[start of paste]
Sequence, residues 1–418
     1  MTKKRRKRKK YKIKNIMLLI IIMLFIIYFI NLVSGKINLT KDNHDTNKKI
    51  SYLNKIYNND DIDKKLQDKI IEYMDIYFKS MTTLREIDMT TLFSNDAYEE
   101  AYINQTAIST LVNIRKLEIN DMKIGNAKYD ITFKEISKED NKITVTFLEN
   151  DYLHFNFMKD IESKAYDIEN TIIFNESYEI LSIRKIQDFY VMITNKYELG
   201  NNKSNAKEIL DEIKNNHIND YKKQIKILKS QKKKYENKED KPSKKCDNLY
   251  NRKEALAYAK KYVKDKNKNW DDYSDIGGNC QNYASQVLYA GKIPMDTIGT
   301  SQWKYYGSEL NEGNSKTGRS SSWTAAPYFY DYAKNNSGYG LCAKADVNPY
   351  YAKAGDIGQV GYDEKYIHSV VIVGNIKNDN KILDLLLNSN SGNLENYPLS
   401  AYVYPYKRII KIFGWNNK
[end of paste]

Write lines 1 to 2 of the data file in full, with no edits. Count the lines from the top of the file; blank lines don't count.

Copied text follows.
Sequence, residues 1–418
     1  MTKKRRKRKK YKIKNIMLLI IIMLFIIYFI NLVSGKINLT KDNHDTNKKI